Driving Performance for the Future of Work

What is the Future of Work?

Klaus Schwab, Founder and Executive Chairperson of the World Economic Forum argues that the Fourth Industrial Revolution will see a paradigm shift in how we work, live and connect. Smart technologies, cognitive computing and connected systems will bring efficiencies in production that have the potential to improve our quality of life. However; we must remain cognizant of the risk of increasing inequalities between low and high skilled individuals.

Increasing automation will see intelligent machines performing cognitive tasks previously completed by humans. Horizontal and vertical business integration and formation of transdisciplinary teams will require workers to maintain networked connections to collaborate and find innovative solutions to complex problems.
Almost all industries will be disrupted in some way. The changing skill requirements will result in reduced demand in some occupations and skills gaps in others.

Maximising our potential for performance?

Rather than being replaced, humans need to adapt to the ever changing needs of the workplace. We need to develop competencies that are not easily replicated by computers. Competencies that complement technology rather than compete with it, allowing it to free up our time to innovate.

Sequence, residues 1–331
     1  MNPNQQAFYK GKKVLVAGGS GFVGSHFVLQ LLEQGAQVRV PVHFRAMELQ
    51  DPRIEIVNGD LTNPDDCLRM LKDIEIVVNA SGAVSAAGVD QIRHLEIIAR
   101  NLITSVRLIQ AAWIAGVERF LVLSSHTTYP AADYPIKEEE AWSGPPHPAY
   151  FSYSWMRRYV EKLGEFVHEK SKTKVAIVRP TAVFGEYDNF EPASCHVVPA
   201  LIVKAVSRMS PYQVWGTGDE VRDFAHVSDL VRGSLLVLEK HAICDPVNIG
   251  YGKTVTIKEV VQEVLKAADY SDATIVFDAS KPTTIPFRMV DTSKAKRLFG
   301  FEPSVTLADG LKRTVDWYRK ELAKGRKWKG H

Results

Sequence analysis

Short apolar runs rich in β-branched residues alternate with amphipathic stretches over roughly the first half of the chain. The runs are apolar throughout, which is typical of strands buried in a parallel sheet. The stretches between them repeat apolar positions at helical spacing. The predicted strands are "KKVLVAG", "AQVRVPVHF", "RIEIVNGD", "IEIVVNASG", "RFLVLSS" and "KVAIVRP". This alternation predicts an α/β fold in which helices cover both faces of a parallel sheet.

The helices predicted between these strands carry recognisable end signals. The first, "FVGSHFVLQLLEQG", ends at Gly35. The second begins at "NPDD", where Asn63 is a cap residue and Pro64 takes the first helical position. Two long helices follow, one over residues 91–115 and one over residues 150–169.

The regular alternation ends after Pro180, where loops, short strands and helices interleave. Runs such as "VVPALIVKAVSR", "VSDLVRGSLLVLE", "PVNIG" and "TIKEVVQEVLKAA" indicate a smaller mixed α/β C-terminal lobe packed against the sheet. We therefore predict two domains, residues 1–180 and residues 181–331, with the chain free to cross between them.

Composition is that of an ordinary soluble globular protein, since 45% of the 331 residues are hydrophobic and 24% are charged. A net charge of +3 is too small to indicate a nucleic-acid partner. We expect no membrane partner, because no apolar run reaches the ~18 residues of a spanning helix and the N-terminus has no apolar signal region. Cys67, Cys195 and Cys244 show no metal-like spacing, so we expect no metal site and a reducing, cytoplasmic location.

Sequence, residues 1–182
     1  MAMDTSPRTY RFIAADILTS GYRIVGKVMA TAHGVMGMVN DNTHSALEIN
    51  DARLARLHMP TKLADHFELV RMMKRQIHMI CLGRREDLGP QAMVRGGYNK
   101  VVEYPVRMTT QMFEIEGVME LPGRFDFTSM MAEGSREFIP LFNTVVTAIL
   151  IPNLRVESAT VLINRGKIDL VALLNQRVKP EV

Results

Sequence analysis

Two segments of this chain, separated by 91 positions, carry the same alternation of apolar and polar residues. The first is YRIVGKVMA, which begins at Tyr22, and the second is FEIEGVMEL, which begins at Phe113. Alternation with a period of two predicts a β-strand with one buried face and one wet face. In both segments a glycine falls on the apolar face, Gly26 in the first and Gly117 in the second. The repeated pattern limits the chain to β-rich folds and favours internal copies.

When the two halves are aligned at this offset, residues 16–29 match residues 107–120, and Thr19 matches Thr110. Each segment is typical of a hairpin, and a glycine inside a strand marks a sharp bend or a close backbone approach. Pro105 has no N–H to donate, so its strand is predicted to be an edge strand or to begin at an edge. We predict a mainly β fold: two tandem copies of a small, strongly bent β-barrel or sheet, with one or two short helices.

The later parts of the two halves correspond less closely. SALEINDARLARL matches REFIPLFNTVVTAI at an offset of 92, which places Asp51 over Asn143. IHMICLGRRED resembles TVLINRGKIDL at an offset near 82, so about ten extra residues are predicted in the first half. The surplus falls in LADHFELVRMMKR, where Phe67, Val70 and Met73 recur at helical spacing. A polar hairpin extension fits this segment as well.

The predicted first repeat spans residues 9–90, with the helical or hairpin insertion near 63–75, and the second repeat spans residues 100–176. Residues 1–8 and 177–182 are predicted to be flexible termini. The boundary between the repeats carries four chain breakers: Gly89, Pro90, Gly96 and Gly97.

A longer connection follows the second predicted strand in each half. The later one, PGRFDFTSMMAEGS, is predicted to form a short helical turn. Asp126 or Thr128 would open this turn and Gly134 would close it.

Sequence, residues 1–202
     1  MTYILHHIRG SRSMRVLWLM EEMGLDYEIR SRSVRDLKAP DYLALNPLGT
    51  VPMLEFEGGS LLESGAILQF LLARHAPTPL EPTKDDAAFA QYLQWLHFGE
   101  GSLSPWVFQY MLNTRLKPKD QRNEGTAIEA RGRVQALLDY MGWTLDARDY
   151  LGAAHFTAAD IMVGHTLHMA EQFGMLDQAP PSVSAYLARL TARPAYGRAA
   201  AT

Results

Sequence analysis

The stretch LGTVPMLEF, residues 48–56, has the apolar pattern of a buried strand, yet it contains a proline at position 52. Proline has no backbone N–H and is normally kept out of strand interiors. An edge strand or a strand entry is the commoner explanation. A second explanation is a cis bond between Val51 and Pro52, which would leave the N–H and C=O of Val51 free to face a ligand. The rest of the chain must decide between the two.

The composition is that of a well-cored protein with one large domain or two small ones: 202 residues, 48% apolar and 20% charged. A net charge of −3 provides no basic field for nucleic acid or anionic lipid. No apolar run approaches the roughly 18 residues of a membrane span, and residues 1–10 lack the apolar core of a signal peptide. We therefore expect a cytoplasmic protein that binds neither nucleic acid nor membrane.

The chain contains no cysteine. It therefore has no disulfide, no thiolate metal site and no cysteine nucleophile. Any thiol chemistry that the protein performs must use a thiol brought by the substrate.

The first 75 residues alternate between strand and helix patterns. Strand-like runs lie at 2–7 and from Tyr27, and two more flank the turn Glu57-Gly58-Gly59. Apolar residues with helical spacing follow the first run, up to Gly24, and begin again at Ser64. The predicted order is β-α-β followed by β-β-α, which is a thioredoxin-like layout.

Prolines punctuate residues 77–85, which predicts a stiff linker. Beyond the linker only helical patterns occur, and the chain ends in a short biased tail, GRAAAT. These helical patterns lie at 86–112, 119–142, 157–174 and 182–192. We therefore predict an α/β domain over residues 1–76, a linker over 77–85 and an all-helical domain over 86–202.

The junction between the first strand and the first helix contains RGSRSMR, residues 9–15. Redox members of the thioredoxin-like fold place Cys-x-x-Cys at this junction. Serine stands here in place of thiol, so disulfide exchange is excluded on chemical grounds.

The greatest gains will be derived through collaboration between individuals, business, education and training, and governments working together to design a future that supports innovation whilst fully exploiting the benefits of emerging technologies.

We must forge connections to build and sustain a learning ecosystem that drives performance through continuous improvement and innovation with each part working in synchrony with the others through a shared vision for talent.

To keep pace with the increasing pace of change, we must “…shift from a mindset of ‘learn, do retire’, to ‘learn, do, learn, do, rest, learn…repeat’” (World Economic Forum, p.7).

We need to leverage the proliferation of available data to predict future workforce needs and skill demands and implement plans to develop capability to be ready when the need arises.

To borrow the term from Charles Jennings, learning and development professionals must become ‘performance architects’ to design environments where learning can occur as part of work to drive business performance.


Competency requirements

Learning agility, the ability and willingness to learn from all experiences to perform more effectively in new situations, will be a necessity for continued performance. Individuals will require a growth mindset to provide the requisite motivation to engage in meaningful learning opportunities to meet future, often unknown, needs.

Predicting the competency needs in the future of work requires an understanding of how computers function to identify deficiencies where humans can add value. These competencies will be those that are difficult for computers to emulate, such as:

  • Curiosity to provide the desire to know or learn
  • Passion to motivate individuals to learn
  • Creativity to generate new ideas and translate complex concepts into action plans
  • Empathy to analyse situations from another’s perspective
  • Intuition to listen to instinct when making decisions
  • Social intelligence to build and navigate relationships with others to foster collaboration
  • Data analysis to interpret data to inform decisions